GAINESVILLE— Florida’s freshwater lakes, springs and waterways are increasingly threatened by harmful algal blooms that contaminate the water and endanger the lives of aquatic plants and animals. But do toxic algal blooms pose a threat to human health as well?
With funding from the Florida Department of Health and the help of big data analytics, a team of researchers from the University of Florida and UF Health plans to find out.
“This is the first large-scale epidemiological study in Florida to examine the link between freshwater algal blooms and human diseases,” said Yi Guo, Ph.D., an assistant professor in the UF College of Medicine’s department of health outcomes & biomedical informatics.
Algal blooms in Florida have proliferated in recent years. The two major culprits include cyanobacteria, the dominant blue-green algae that bloom in Florida’s freshwater lakes and waterways, and karenia brevis algae, responsible for the recent red tides and major fish kills in the state’s coastal waters. Guo’s study focuses mainly on freshwater contamination by cyanobacteria and its potential effects on human health.
Until now, most of the research on freshwater algal blooms in Florida has focused on their causes, such as overuse of fertilizer, land use and development, and even climate change. But many questions remain about the effects of algal blooms on human health.
“Our research project will fill important gaps in our understanding of the relationships between harmful freshwater algal blooms in Florida and possible links to liver and neurological diseases in humans,” Guo said.
For example, one of the most prevalent toxins associated with cyanobacteria — microcystin — attacks the liver.
According to Guo, consumption of seafood and water contaminated with microcystin can lead to liver damage and liver disease. The toxin, which can’t be broken down by the human digestive tract, is quickly transported to the liver, where it accumulates in liver cells, causing inflammation and disrupting cell function. Ingesting large amounts of this toxin over a short period of time can lead to severe liver damage and even death. Ingesting smaller amounts over a long period of time can damage liver cells and lead to chronic inflammation and illness.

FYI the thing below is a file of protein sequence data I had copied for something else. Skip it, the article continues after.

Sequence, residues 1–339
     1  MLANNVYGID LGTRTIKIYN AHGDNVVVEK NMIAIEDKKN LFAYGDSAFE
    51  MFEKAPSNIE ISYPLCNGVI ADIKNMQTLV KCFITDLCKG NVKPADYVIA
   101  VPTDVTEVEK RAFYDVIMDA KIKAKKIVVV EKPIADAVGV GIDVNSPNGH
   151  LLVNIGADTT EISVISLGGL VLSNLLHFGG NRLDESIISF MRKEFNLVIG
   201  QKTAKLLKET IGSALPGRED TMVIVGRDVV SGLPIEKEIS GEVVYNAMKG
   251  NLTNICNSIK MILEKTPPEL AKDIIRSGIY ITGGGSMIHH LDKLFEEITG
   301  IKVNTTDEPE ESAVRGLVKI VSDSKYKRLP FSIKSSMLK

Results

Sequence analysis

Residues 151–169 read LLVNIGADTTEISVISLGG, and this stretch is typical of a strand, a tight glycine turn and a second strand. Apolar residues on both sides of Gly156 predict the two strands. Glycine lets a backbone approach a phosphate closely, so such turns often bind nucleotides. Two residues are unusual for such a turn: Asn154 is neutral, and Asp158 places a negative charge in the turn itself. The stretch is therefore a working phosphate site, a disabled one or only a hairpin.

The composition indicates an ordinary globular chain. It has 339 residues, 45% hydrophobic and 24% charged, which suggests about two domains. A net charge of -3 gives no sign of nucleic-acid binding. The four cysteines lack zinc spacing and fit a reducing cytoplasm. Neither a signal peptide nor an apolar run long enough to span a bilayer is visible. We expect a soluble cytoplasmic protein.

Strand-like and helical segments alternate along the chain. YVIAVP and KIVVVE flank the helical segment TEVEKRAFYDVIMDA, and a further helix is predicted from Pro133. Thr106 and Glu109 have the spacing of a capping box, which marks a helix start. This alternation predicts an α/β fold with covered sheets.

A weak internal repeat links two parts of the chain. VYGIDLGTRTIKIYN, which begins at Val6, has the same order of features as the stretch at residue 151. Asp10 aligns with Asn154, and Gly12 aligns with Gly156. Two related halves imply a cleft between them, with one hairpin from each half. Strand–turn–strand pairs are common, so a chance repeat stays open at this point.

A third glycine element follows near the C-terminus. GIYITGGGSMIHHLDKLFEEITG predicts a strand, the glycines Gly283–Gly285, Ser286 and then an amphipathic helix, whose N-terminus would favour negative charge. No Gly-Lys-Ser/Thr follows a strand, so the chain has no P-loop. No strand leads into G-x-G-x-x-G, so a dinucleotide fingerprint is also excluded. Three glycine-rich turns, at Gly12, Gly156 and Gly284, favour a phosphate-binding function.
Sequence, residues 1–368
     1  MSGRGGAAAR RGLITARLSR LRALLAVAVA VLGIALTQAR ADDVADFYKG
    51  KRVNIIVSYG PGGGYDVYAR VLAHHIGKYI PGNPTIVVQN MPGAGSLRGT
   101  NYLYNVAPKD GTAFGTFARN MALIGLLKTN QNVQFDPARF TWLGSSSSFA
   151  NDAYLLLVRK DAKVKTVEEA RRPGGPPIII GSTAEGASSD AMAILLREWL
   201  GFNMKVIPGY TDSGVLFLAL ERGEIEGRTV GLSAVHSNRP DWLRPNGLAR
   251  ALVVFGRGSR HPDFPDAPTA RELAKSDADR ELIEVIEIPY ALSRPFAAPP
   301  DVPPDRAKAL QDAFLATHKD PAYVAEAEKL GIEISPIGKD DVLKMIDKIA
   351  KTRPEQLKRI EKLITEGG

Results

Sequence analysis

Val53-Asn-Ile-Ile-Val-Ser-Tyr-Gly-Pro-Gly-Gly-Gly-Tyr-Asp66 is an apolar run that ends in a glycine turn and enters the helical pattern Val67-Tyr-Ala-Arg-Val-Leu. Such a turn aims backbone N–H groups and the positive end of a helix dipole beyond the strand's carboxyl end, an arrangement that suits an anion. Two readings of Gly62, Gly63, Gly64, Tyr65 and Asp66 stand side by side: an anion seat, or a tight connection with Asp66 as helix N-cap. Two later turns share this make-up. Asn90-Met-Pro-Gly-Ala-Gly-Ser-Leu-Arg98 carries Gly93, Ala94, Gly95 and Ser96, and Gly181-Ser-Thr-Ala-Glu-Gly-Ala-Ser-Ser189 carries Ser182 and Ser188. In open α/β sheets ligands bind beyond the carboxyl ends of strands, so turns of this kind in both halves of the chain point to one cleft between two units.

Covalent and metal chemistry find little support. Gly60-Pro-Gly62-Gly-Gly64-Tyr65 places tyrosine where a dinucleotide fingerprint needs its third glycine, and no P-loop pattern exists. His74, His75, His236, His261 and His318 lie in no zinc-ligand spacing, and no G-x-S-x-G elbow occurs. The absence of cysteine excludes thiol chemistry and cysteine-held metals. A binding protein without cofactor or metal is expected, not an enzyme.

“The increasing number and size of toxic algal blooms in Florida has made exposure to microcystins a major concern for human health,” Guo said. “However, few large-scale epidemiological studies have been conducted to determine the extent of the risk to humans or the number of people who already may have been affected.”
Another potent toxin associated with cyanobacteria is saxitoxin, also known as paralytic shellfish toxin. Consuming shellfish contaminated with this powerful neurotoxin can rapidly lead to respiratory distress, paralysis and death.
Guo said this study is the first to explore the amount of yet another neurotoxin known as BMAA in Florida freshwater lakes and waterways. Studies in New England and elsewhere suggest that BMAA in algae-contaminated lakes may be an environmental risk factor for Alzheimer’s disease, Parkinson’s disease and ALS. But none of the studies has found a strong cause-and-effect link.
The UF researchers will establish current levels of BMAA in Florida’s freshwater lakes and waterways. They will also examine the role of cyanobacteria in raising freshwater BMAA levels. The study results could even provide a more definitive link between human exposure to this neurotoxin and the development of neurodegenerative diseases.
Guo leads a team that includes health outcomes researchers, epidemiologists, water quality experts and biomedical informaticians from UF’s College of Medicine, School of Forest Resources & Conservation in the Institute of Food and Agricultural Sciences, and the UF Emerging Pathogens Institute. The team plans to link limited patient data from electronic heath records in the OneFlorida Data Trust with water data from Florida LAKEWATCH and other state agencies to identify hotspots of human diseases that are potentially associated with algae blooms and cyanobacterial toxins.
The OneFlorida Data Trust is the largest health data repository in Florida, currently containing longitudinal and linked patient-level records of nearly 15 million Floridians from various sources, including Medicaid and Medicare claims, cancer registry, vital statistics and electronic health records from OneFlorida’s clinical partners. UF houses the OneFlorida Data Trust and serves as the coordinating center for the OneFlorida Clinical Research Consortium, a statewide collaboration of academic health systems, hospitals and clinical practices throughout Florida that have pooled data and resources to facilitate medical research.
Florida’s LAKEWATCH program, begun at UF in 1986, is a voluntary monitoring program that collects data on levels of nitrogen, phosphorus and other indicators of water quality for more than 150 lakes throughout the state.
The University of Florida is one of four universities funded by the Florida Department of Health to investigate the effects of toxic algal blooms on human health.
Guo said that mapping the hotspots in Florida showing unusually high rates of human diseases that are associated with harmful algal blooms could help public health agencies and policymakers make better use of their resources and efforts.
“Our study will provide the evidence needed to develop public health interventions that target harmful algal blooms in the most impacted regions of the state,” he said.